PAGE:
Policy Characteristics that Generate Policy Feedbacks

Piersons early observation that policies generate resource and interpretive effects has been helpful in guiding scholars search for policy effects. Scholars expanded on these general guidelines to look for the specic characteristics of policies that produce the feedback effects observed. Patashnik & Zelizer (2009, p. 7) rightly pointed out that in the feedback literature writ large, the lack of a common conceptual framework has prevented authors from fully engaging one another, with insights scattered across different cases and time periods. However, it is nonetheless possible to distill some generalizations about the effects of policies on individuals. Originally, feedback work vis-` a-vis the mass public focused on the participatory and attitudinal effects of universal programs versus targeted ones. Scholars extolled the advantages of the former over the latter, asserting that universal programs are able to help the poor in a nonstigmatizing way through hidden redistribution (Skocpol 1991, Wilson 1987). As Mettler & Stonecash (2008, p. 275) put it more recently, Universal eligibility criteria may help incorporate beneciaries as full members of society, bestowing dignity and respect on them. Conversely, means-tested programs may convey stigma and thus reinforce or expand beneciaries isolation. That beneciaries of universal programs such as Social Security and Medicare participate in politics at far higher rates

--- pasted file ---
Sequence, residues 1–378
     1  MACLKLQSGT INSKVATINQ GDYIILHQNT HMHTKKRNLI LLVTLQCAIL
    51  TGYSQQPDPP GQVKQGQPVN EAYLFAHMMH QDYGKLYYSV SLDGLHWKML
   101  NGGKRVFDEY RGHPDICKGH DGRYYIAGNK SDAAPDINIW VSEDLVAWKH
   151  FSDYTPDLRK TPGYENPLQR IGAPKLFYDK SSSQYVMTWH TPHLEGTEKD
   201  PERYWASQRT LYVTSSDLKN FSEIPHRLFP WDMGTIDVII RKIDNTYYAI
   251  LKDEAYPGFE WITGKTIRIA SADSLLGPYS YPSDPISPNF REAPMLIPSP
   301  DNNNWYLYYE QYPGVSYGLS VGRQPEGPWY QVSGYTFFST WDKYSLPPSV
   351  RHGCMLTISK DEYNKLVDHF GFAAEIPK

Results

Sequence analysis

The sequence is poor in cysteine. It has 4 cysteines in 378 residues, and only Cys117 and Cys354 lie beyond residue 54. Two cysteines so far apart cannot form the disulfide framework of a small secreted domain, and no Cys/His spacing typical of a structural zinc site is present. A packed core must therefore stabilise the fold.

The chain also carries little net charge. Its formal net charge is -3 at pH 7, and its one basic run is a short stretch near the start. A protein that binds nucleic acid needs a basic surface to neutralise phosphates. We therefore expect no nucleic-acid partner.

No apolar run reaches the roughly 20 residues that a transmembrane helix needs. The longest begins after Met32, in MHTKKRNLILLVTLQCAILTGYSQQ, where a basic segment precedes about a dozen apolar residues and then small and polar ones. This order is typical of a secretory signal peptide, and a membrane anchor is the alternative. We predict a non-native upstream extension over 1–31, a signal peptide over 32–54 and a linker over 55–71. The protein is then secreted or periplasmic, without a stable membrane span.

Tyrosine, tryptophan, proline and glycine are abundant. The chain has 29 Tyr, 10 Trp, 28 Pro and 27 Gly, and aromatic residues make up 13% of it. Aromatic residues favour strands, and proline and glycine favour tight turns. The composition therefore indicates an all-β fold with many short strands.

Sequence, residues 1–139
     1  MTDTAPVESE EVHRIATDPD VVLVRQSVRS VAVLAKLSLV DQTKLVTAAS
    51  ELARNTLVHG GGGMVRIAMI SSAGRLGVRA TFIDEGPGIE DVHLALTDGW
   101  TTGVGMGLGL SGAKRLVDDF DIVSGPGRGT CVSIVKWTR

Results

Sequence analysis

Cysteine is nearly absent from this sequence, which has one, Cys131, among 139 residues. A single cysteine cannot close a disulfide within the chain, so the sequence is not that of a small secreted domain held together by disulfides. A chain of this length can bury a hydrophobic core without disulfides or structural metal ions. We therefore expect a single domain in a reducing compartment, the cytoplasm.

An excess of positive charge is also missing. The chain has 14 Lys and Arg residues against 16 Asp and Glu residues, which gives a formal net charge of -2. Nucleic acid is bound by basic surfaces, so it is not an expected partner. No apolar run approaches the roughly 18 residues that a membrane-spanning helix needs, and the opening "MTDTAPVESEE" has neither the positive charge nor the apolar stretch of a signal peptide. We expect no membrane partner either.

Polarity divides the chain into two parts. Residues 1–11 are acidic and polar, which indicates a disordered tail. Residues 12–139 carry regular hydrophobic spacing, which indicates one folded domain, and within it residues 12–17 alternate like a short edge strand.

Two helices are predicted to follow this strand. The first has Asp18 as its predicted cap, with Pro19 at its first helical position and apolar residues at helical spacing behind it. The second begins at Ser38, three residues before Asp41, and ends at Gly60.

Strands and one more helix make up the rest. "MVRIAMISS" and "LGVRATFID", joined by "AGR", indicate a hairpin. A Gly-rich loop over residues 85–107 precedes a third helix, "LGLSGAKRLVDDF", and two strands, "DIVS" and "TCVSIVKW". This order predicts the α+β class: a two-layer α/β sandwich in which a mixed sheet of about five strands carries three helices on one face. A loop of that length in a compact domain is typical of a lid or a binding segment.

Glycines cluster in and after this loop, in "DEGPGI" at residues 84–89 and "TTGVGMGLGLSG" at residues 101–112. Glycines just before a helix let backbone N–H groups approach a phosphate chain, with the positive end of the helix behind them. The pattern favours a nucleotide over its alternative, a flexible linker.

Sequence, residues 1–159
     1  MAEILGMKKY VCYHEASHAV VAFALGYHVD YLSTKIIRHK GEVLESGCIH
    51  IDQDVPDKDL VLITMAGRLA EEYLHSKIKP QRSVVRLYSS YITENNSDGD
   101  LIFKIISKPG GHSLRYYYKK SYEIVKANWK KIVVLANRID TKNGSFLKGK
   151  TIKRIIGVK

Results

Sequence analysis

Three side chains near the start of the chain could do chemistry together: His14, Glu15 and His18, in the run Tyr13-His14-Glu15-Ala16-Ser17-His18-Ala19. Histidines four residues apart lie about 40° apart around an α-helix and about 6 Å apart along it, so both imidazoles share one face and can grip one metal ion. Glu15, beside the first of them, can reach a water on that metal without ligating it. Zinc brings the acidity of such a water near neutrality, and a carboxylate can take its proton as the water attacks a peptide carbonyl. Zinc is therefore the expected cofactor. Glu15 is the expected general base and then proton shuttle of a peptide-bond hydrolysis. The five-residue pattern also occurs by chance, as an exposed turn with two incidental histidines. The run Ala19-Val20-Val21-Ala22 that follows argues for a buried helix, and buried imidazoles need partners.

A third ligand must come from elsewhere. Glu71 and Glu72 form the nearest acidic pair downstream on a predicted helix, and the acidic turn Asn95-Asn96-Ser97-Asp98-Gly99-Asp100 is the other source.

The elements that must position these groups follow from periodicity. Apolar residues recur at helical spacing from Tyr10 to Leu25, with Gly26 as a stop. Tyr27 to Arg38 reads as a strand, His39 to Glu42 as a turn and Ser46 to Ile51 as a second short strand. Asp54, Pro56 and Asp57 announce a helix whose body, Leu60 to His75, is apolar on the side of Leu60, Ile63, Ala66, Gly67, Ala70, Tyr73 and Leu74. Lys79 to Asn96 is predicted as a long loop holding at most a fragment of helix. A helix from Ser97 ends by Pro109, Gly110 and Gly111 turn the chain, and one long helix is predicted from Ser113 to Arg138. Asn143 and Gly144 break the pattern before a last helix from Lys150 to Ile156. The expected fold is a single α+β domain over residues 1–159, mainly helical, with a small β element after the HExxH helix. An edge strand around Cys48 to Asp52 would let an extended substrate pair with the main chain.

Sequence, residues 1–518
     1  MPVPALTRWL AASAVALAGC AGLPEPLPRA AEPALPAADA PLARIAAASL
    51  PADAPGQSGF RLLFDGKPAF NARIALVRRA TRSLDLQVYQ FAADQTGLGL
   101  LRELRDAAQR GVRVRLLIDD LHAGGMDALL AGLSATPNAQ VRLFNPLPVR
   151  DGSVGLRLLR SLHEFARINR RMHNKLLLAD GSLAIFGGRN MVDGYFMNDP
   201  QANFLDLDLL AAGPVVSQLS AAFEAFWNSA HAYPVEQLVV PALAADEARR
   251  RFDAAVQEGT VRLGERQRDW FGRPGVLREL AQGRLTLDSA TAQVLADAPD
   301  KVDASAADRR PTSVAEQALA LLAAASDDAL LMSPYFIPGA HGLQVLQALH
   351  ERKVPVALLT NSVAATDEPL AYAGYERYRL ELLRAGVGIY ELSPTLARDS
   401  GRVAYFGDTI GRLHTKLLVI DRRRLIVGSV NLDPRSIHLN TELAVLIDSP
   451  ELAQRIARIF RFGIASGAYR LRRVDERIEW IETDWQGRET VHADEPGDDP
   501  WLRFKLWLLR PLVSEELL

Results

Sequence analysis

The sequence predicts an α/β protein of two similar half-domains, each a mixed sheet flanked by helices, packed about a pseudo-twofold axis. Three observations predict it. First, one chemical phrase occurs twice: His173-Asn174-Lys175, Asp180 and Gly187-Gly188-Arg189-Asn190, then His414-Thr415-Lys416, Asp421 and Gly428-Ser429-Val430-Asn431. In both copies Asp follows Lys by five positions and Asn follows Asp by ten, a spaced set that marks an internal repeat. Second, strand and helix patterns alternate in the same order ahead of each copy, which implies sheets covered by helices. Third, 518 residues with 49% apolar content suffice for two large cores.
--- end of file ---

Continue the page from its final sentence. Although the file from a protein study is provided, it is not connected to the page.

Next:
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than those of means-tested programs such as AFDC/TANF seemed to suggest that the former generate positive feedback effects and the latter negative effects. However, subsequent scholars noted that the universal and means-tested labels denoted constellations of characteristics that tend to bundle together, and they have sought to untangle the specic elements of each, in much the same way that scholars of political participation, having noted that socioeconomic status (SES) is strongly correlated with political participation, were able to tease apart the inuence of each constituent element of SES, education, income, and occupation (e.g., Wolnger & Rosenstone 1980). In addition, later scholars demonstrated that not all meanstested programs generate negative feedback effects, as rst thought. Thus, research in this area has become more specic and nuanced (e.g., Bruch et al. 2010), although much work remains to be done. Size of benets. One of the main resource effects that scholars have uncovered is the size of benets. When large, benets can enhance political participation by increasing participatory capacity. Generous benets, such as Social Security payments to retirees, facilitate income-driven acts such as contributing to campaigns, and, by making retirement a reality for many Americans, enhance participation in time-dependent acts such as campaign work as well. Large benets also have attitudinal effects; with seniors getting on average over half of their income from Social Security, and the bottom two-fths dependent on the program for nearly all their income, they have compelling reasons to pay attention to public affairs as their well-being is so visibly and inextricably linked with government action (Campbell 2003). This political-interest effect spurs other political activity, such as voting. In contrast, when benets are too small, they may fail to generate resource effects. Like Social Security, AFDC/TANF confers cash payments, but benets are so low, leaving families below the poverty line, that they do not enhance political participation rates. The Family and Medical Leave Act is a social policy that failed to spur political participation because the 12week leave that it provides for workers who are ill or caring for family members is unpaid; few can afford to take advantage of the program, and as a result, no political constituency has emerged to protect or expand it (Howard 2007). There are also examples outside of social welfare policy: the War on Povertys Model Cities program was spread too thin to have much effect, and the general revenue-sharing program of the early 1970s was too meager to create state and local government allies; in both cases, protective constituencies failed to emerge, and both programs ended with a whimper (Patashnik & Zelizer 2009). Larger benets fuel not only a stronger resource effect but also a greater sense that a benet is worth ghting for. Visibility and traceability of benets. Benets that are discernable and traceable to government action (Arnold 1990) are more likely to generate feedback effects, Social Security pension payments being a preeminent example. In contrast, Mettler (2011a) showed that social policy benets delivered through the tax code as tax breaks, or more formally, tax expendituressuch as child care tax credits or college tuition tax creditsare not recognized by recipients as government benets and do not therefore generate the same kind of attention to government action as direct spending programs. The contrast between two reforms of Medicare further illustrates the visibility point. The Medicare Catastrophic Coverage Act of 1987 expanded Medicare by capping the out-of-pocket costs beneciaries faced for copayments, deductibles, and other cost sharing. This enhanced benet was to be funded by an increase in seniors monthly Medicare premiums and a surtax on the income of the top 40% of seniors. But few Medicare recipients ever face such catastrophic costs, and many seniors, particularly the afuent who were being asked to fund this new benet, already had private insurance covering such costs. Consequently, seniors could not see how they would benet from Policy Makes Mass Politics 339